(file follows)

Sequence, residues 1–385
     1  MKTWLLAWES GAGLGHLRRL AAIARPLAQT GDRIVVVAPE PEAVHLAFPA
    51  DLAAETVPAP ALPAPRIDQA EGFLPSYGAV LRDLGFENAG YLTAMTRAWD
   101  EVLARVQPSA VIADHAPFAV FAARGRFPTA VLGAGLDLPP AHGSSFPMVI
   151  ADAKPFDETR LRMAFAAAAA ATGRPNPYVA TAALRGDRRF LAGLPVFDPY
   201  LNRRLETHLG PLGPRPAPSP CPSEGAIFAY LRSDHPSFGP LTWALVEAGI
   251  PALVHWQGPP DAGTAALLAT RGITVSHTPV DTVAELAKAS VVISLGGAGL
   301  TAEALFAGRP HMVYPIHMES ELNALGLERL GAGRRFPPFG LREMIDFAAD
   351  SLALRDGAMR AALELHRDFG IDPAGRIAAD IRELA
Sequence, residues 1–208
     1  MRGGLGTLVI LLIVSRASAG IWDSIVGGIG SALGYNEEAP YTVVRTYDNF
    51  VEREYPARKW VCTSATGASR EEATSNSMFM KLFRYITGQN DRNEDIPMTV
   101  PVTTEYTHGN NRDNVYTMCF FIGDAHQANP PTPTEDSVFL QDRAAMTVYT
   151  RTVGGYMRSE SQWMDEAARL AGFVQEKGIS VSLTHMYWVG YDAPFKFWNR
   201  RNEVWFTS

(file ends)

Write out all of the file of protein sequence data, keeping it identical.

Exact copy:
Sequence, residues 1–385
     1  MKTWLLAWES GAGLGHLRRL AAIARPLAQT GDRIVVVAPE PEAVHLAFPA
    51  DLAAETVPAP ALPAPRIDQA EGFLPSYGAV LRDLGFENAG YLTAMTRAWD
   101  EVLARVQPSA VIADHAPFAV FAARGRFPTA VLGAGLDLPP AHGSSFPMVI
   151  ADAKPFDETR LRMAFAAAAA ATGRPNPYVA TAALRGDRRF LAGLPVFDPY
   201  LNRRLETHLG PLGPRPAPSP CPSEGAIFAY LRSDHPSFGP LTWALVEAGI
   251  PALVHWQGPP DAGTAALLAT RGITVSHTPV DTVAELAKAS VVISLGGAGL
   301  TAEALFAGRP HMVYPIHMES ELNALGLERL GAGRRFPPFG LREMIDFAAD
   351  SLALRDGAMR AALELHRDFG IDPAGRIAAD IRELA
Sequence, residues 1–208
     1  MRGGLGTLVI LLIVSRASAG IWDSIVGGIG SALGYNEEAP YTVVRTYDNF
    51  VEREYPARKW VCTSATGASR EEATSNSMFM KLFRYITGQN DRNEDIPMTV
   101  PVTTEYTHGN NRDNVYTMCF FIGDAHQANP PTPTEDSVFL QDRAAMTVYT
   151  RTVGGYMRSE SQWMDEAARL AGFVQEKGIS VSLTHMYWVG YDAPFKFWNR
   201  RNEVWFTS